Total Joint Resurfacing Previous attempts to repair articular cartilage have focused on the repair of focal defects. One of the main complications of focal defect repair is that integration of the repair tissue with the surrounding native cartilage is inconsistent and generally poor, which renders the repair site biomechanically unstable not clinically efficacious. In the case of severe osteoarthritis where the entire joint surface has deteriorated, the procedures for repair of focal cartilage defects are no longer applicable. For severe arthritis, total joint replacement is the final option which, although it has a generally good outcome, there are still long-term complications including, erosion of the articulating surface of the prostheses, and breaking or loosening of the prosthetic stem. These problems necessitate revision surgery which is progressively more difficult and complicated. To obviate this problem, we propose to design and test a tissue engineered cell-matrix composite for the total resurfacing of a joint or joint compartment, which is designed to eliminate cartilage-tocartilage integration problems and provide a cell-based option for totally resurfacing joints without totally replacing them. The primary challenges for tissue engineering the total cartilage resurfacing of a joint are to produce viable cartilage tissue of sufficient thickness and surface area to cover an entire joint, to produce cartilage that has appropriate mechanical properties to support the in vivo mechanical demands, and to ensure the integration of the construct with underlying bone. The goal of this proposal is to produce functional autologous cartilage constructs using tissue engineering principles wherein autologous cells, such as Mesenchymal Stem Cells (MSCs), auricular or articular chondrocytes are used to produce full-thickness replacement cartilage and that is then fused and allowed to integrate onto sub-chondral bone, thus totally replacing the deteriorated cartilage with autologous engineered cartilage. This approach is based on the hypothesis that the production of full-thickness cartilage implants obviates the intractable difficulty of lateral cartilage integration, and functional long-term repair will be accomplished by producing biomechanically sound autologous cartilage.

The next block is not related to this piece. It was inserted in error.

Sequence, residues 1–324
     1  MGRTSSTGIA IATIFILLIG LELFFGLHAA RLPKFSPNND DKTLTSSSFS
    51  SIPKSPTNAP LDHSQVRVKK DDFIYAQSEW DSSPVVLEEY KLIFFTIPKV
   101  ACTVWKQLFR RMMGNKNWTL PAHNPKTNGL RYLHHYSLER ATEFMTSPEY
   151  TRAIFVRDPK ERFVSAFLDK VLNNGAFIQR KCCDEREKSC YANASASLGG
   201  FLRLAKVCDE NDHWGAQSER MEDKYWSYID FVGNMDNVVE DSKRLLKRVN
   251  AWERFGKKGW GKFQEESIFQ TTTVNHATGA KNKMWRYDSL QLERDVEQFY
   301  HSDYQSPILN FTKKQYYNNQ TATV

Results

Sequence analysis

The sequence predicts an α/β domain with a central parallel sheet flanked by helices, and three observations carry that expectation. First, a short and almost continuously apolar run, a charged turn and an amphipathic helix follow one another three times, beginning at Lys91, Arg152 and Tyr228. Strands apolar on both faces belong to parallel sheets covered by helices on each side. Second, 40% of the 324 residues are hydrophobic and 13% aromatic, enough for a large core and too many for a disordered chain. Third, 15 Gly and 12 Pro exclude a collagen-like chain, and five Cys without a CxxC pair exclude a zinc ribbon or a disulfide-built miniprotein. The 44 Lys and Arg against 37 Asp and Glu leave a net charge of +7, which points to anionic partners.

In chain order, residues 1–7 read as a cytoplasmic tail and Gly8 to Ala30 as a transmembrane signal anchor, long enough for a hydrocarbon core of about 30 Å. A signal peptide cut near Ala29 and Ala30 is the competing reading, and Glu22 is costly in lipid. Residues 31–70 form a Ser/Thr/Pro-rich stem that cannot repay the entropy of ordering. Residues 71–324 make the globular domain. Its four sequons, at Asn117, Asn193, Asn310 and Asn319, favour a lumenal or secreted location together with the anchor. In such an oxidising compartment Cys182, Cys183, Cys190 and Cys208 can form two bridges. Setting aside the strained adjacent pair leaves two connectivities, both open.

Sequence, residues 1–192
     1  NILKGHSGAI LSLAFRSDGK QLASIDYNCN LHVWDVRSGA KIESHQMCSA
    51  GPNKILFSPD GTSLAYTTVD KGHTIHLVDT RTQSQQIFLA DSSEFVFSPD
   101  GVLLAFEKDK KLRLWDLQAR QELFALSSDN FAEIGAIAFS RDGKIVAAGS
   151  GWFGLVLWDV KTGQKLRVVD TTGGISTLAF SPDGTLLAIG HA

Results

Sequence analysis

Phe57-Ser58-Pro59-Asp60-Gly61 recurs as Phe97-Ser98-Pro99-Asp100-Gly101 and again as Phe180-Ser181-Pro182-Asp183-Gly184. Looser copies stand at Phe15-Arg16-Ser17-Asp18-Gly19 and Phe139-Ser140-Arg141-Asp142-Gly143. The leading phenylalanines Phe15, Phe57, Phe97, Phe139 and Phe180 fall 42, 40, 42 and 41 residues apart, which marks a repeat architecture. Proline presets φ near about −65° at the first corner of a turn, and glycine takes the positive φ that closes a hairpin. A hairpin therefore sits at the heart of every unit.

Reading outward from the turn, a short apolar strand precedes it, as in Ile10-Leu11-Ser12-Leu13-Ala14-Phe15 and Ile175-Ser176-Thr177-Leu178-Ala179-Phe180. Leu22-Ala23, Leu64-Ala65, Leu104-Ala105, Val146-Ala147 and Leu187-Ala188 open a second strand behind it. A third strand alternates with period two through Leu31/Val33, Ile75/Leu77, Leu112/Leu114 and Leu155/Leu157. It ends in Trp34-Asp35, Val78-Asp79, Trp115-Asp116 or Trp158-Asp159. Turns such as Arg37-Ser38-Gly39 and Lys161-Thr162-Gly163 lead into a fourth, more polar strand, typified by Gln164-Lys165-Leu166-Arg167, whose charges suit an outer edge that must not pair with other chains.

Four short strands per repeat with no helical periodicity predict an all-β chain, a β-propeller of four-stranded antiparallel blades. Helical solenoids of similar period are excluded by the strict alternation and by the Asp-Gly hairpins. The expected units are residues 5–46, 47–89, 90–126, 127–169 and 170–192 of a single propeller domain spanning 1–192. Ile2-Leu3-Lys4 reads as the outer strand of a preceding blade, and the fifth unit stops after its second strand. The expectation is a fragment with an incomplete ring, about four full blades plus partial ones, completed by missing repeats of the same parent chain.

The specific aims of this proposal are: 1. To produce implantation-ready tissue engineered cartilage constructs: In a rabbit model, MSCs and culture-expanded chondrocytes will be used to produce full-thickness (300 um) cartilage constructs of sufficient area to cover an entire humeral condyle. Variables to be tested include the use of auricular or articular chondrocytes or MSCs;hyaluronan- or collagen-based scaffolds;and variations in culture conditions such as cell seeding density, medium flow rate, and the addition of growth factors such as TGF-p1, TGFpS, BMPs, and omega-3 fatty acids. 1. To test implantation-ready constructs in an ex vivo model for cartilage resurfacing: Implant materials synthesized to the proper thickness and surface area will be fixed onto explanted rabbit humeral condyles using four adhesive methods: a calcium phosphate paste, fibrin glue, a final using the zero-length cross-linker1-Ethyl-3-{3-dimethylaminopropyl} carbodiimide, and APTMS-MBA (aminopropyltrimethoxysilanemethylenebisacrylamide), a non-toxic polymer adhesive. These adhesive materials will be tested for their biomechanical properties in vitro, in organ culture, and after implantation into athymic mouse hosts for up to 6 weeks. Biomechanical properties to be tested include a map of surface stiffness, and measures under uniaxial tension and horizontal shear (to failure). MRI imaging, histological examination, and immunochemistry will be used to determine the consistency of cartilage thickness and integration into subchondral bone. 2. To test constructs in an in vivo model of cartilage resurfacing in rabbits: Autologous engineered cartilage constructs will be used to resurface entire humeral condyles in rabbits. The implants will be harvested and examined for biomechanical properties and histology at 4, 12, 24 and 48 weeks post-implantation. Through the use of the Cell, Bioreactor and Imaging Cores, the goals of this proposal will be more easily and efficiently accomplished. The Core components are very appropriate for this project as there is a high demand for cells (chondrocytes and MSCs), bioreactors are need to fabricate cartilage tissue, and imaging is needed for outcome analysis. If these studies are successful, the follow-up study would be to reproduce these results in a large animal pre-clinical model such as in sheep or goats. The long-term objective of this study is to provide an alternative treatment for severe arthritis of diarthrodial joints that is composed of living autologous tissue which, hopefully, will provide many years of functional use before the need for total joint replacement.